58 Is Enough

FAYETTEVILLE -- Peyton Hillis had nine touchdown runs of 55 yards or more during his senior year at Conway High last season.

He rushed for 2,631 yards, 29 touchdowns and averaged more than 10 yards per carry.

He broke 100 yards in all 12 of the Wampus Cats' games and blew up for 384 rushing yards against Russellville.

None of those games were more impressive than his 58 yards of offense against Alabama.

Hillis made five of the biggest plays of the game in Arkansas' 27-10 win against Alabama and one of his biggest was on a play where he didn't even touch the ball.

Hillis rushed 10 times for 34 yards and the Razorbacks' game-clinching touchdown from 7 yards out on second-and-goal down with three minutes to play.

He caught 2 passes for 24 yards, including a beautiful one-handed snare in double-coverage for the go-ahead 18-yard touchdown to cap a 84-yard drive in the closing moments of the first half to put the Hogs up 14-10.

Hillis cleared out Alabama safety Roman Harper for Matt Jones' 50-yard run in the fourth quarter, then converted a do-or-die fourth-and-1 from the Tide 15 and a third-and-1 from the 5 to set up his eventual touchdown to put Arkansas up 20-10.

"I've never had a game like that," Hillis said. "The coaches know what they're doing. They put me in situations today where I could help the team out. If I get 58 yards and we win the game, I'll do that every game."

Arkansas scored on its first possession against Alabama, partly helped by an incredible catch by Cedric Washington to snare the ball off Roman Harper's body before it touched the ground.

After that, Arkansas moved the ball just 21 yards on its next five possessions and fell behind 10-7.

Then along came Hillis just before halftime.

Behind 37 yards from DeCori Birmingham and an 18-yard completion from Jones to Marcus Monk, Arkansas was at the Alabama 18 with time running out.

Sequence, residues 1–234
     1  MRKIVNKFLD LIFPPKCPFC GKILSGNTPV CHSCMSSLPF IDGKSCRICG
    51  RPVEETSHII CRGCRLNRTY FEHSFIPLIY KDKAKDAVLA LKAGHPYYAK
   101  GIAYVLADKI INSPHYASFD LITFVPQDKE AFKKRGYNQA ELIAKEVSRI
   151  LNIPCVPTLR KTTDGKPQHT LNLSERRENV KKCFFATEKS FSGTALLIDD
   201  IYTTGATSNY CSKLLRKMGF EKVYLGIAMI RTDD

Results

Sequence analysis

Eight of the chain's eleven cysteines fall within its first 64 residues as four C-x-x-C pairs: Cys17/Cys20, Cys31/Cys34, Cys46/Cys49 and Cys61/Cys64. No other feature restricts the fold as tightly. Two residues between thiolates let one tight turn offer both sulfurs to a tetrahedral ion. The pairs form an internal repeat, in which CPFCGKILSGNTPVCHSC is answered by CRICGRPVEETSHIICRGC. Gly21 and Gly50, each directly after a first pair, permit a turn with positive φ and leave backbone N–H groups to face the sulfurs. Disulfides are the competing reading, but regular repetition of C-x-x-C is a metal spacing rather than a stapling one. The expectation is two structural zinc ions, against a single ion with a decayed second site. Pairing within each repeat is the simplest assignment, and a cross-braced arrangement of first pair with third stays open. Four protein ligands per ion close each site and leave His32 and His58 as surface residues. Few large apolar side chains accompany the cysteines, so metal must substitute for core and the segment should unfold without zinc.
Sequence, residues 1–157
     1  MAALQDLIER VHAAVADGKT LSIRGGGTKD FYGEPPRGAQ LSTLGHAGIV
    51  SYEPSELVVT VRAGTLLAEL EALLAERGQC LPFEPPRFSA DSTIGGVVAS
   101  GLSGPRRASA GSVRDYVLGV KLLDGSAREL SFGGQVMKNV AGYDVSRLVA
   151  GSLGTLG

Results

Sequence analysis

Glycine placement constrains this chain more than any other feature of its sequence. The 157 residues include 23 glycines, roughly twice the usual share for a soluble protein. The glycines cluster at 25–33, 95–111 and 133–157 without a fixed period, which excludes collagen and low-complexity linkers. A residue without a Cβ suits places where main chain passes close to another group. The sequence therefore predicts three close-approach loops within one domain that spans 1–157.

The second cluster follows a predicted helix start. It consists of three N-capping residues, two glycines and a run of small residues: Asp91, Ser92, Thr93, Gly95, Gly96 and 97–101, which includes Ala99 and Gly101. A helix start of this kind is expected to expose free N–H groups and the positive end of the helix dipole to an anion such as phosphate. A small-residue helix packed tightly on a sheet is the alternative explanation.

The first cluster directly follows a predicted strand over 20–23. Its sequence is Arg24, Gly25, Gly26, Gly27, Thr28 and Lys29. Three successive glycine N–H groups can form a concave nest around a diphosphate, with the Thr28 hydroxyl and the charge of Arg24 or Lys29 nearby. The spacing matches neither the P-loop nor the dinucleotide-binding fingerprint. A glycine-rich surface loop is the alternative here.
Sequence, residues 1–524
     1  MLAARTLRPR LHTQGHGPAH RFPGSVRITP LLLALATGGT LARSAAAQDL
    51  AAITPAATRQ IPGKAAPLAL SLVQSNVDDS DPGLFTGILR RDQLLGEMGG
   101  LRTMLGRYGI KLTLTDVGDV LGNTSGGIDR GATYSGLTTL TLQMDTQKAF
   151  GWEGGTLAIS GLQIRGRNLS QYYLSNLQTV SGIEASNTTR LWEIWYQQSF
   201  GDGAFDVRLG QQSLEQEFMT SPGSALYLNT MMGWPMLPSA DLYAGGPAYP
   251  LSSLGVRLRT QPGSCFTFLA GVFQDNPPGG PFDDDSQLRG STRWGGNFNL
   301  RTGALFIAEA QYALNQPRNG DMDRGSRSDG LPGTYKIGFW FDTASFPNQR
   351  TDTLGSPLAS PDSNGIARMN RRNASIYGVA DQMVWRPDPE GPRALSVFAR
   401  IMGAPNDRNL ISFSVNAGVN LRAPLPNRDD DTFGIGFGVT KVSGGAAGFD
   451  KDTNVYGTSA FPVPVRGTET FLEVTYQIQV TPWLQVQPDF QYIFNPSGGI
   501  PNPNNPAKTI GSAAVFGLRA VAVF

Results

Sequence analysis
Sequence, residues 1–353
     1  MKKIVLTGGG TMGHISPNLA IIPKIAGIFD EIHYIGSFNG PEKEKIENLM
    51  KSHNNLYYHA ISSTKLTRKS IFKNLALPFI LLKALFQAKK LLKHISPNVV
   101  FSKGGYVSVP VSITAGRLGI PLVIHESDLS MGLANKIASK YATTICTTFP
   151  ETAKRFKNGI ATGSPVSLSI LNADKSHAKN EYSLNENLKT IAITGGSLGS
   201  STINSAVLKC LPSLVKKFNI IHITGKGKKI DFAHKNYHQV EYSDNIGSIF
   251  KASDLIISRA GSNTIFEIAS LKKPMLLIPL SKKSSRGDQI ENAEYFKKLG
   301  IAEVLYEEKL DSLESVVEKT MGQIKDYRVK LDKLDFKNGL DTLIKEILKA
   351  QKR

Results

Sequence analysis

Jones rolled out and saw Hillis freelancing down the sideline behind Alabama linebacker DeMeco Ryans.

He lofted it softly over Ryans' head and Hillis reached out with one hand to reel it in before taking a shot from safety Charlie Peprah in the end zone.

"I knew I was two steps inside in the end zone so I just stopped," Hillis said. "I saw the ball come in the window and just pulled it in with one hand. I'm kind of amazed that I caught it."

Hills didn't budge on Peprah's hit, and Arkansas took the lead back for good.

"That guy right there, he is great," said Arkansas right guard Gene Perry. "That's all I can say. If he hadn't caught that touchdown, I would have killed him, you know what I'm saying?

"He always seems to come through. Peyton is just a truck. He rolls over anything that tries to get in his way."

Jones called him a horse.

"Everytime I see people go up and hit him, it seems like the defense bounces off," Jones said. "He made a great catch. That corner hit him and Peyton didn't go anywhere. He's just a big, strong kid."

Arkansas coach Houston Nutt called him "phenomenal."

"Great concentration because he knows he's going to get hit," Nutt said. "But he's a tough guy. He's really beyond his years in maturity as far as a physical, physical freshman. His hands are outstanding."

Hillis' touchdown run to clinch the game was just as impressive as he hit the "A" gap and was met by a pair of linebackers who still haven't learned about the need to wrap up the meaty freshman.

"I hit them, they stood me up, but they didn't really grab a hold of me," he said. "So I spun off and got in the end zone."

Hillis really wanted the ball on fourth-and-1 from the Alabama 47, but Nutt made the smart move and punted over his freshman's objections.

"I guess I learned to trust the coaches today," Hillis said. "It's a great feeling. I was real excited to come out here and play. We're 1-0 in the SEC and that's what matters."

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